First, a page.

Twitter account mocking ‘questionable’ left-wing papers is shrouded in Secrecy

On any given day, the Twitter account of New Real Peer Review features the latest in wacky, abstract liberal research, from feminist glaciology to the racism of Pilates and pumpkin spice lattes.

The account, which has some 23,000 followers, is shrouded in secrecy — its moderators unknown to those reading the satirical tweets mocking what it considers outlandish theses, like a Ph.D. dissertation titled: “‘Wow, that bitch is crazy!’ Exploring gendered performances in leisure spaces surrounding reality television.”

Anonymity is required, say moderators of the account, which has been threatened by hackers looking to shut it down.

In an email to Fox News, one of the moderators — known only as Machine Priestess, with the Twitter handle @okayultra — said the group receives research topics from “contributors of all walks of life,” including students and professors.

The group’s purpose, Machine Priestess said, is to “provide a lighthearted, satirical view of most questionable specimens of modern academic peer review process.”

Such academic research includes a widely-ridiculed study on “gender and glaciers” that was funded by U.S. taxpayers.

nrpr_small Twitter account mocking 'questionable' left-wing papers is shrouded in Secrecy Social Media

Researchers at the University of Oregon published a scientific study in January 2016 examining the “relationship between gender and glaciers” as part of a federally-funded government grant from the National Science Foundation.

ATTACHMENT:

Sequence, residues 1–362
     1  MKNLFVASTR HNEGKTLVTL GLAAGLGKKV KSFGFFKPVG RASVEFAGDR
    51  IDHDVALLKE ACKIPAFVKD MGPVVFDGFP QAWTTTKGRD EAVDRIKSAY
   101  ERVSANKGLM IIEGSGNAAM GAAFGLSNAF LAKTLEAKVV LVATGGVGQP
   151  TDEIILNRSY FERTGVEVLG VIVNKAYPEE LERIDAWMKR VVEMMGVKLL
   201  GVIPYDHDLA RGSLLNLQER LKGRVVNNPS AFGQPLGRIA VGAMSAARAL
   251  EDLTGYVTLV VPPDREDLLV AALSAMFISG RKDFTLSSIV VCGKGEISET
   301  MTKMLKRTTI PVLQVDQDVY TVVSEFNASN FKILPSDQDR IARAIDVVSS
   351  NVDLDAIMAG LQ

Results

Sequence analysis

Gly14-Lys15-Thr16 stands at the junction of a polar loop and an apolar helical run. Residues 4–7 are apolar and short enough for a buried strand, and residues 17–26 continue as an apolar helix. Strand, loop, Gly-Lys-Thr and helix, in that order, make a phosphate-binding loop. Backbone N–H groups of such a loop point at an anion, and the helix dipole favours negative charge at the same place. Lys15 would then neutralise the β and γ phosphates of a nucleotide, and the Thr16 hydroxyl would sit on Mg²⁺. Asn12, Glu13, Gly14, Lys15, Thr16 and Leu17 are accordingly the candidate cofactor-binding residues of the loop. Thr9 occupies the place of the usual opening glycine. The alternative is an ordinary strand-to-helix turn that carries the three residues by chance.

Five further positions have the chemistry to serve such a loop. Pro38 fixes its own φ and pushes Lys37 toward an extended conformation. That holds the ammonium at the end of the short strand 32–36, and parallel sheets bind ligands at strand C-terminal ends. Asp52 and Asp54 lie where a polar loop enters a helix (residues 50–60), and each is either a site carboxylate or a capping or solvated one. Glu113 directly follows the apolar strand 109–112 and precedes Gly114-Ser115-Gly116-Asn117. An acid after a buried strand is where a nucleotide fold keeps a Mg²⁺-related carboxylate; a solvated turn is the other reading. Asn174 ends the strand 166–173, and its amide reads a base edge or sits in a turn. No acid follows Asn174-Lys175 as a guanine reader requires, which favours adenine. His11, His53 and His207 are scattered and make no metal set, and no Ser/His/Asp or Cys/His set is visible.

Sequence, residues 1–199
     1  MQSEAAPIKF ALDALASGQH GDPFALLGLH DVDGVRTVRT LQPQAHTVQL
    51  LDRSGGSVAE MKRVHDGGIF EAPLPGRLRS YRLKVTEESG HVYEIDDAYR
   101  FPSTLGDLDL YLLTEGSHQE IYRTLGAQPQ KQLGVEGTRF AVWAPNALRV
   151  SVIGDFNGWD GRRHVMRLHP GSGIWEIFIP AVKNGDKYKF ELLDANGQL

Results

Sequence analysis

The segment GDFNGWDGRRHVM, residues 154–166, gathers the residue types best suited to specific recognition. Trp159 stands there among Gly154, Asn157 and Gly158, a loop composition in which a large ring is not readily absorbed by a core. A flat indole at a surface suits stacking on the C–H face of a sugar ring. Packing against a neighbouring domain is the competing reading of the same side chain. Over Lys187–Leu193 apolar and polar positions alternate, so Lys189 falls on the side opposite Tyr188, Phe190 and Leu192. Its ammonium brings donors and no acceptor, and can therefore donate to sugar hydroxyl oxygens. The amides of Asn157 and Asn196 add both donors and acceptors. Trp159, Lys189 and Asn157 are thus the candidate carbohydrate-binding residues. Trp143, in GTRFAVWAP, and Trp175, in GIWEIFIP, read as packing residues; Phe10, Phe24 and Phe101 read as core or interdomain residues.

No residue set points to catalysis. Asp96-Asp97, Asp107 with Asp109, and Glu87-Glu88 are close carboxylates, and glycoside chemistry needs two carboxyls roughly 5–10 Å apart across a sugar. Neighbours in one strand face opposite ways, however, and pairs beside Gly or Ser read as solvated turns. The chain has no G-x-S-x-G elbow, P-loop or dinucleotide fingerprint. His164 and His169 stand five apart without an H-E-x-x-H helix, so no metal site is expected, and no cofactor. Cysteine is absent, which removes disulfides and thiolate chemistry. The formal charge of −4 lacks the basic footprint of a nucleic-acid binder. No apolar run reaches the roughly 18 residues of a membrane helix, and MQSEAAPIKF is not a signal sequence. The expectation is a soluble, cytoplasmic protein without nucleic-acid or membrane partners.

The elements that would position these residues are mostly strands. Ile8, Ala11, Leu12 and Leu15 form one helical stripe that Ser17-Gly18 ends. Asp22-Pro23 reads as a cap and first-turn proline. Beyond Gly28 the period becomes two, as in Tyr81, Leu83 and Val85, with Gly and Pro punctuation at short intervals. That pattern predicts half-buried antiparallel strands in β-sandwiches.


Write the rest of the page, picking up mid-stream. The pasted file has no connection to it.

The paper, titled “Glaciers, gender, and science” and authored by University of Oregon professor Mark Carey, found that “ice is not just ice” and called on scientists to take a “feminist political ecology and feminist postcolonial” approach when researching glaciers and climate change. The study was part of a nearly $500,000 federal grant.

Other kooky projects mocked by the moderators of New Real Peer Review are: Pilates and pumpkin spice lattes are racist; 2017 is a “construct”; Doctors telling obese people to lose weight is discriminatory and white students supporting Trayvon Martin are exercising their white privilege.

The account posted excerpts from a paper, titled “White Tears,” in which the authors claim: “…Whites who do know, intellectually, about the depths of racism are so accustomed to exercising their race privilege that an explicit refusal of this privilege causes barely repressed guilt to surface — in tears. Those tears are themselves a re-assertion of privilege, a performance of privilege.”

“Some scholars are so funny that they’ve spent their whole careers on writing funny hoax papers,” the group tweeted.

Critics of the account, meanwhile, blast it for being “intellectually shallow” — comprised of nameless moderators who judge academic papers by only their titles.

“I find the whole exercise of just reading titles & abstracts to be intellectually shallow,” tweeted one such critic, identified as Jeet Heer.

“Oh, so you can read an abstract. Real genius,” Jeet Heer tweeted. “No writing from the thesis was quoted.”

But supporters of the account — which is growing in popularity — express both amusement and shock at the tweets spotlighting nutty research papers from academics, many of whom receive public and private funding for their projects.  

“At first I didn’t believe your tweets were real. It seemed too outlandish. Now I don’t even check. How is this real life?” tweeted a follower with the handle @plujoenium.

Machine Priestess told Fox News the account became a group project when the original Real Peer Review — operated by a single person — was shut down after harassment and threats of doxing.

“We decided that’s not right and decided to keep the project alive,” Machine Priestess wrote in an email.

In order to avoid a similar fate, Machine Priestess said, the group account is run by “somewhat pseudonymous contributors.”

“So far we’ve had several attempts at socially engineering contributors to reveal themselves, and a few rather inept attempts at hacking the account,” Machine Priestess wrote. “We’re holding up rather okay so far.”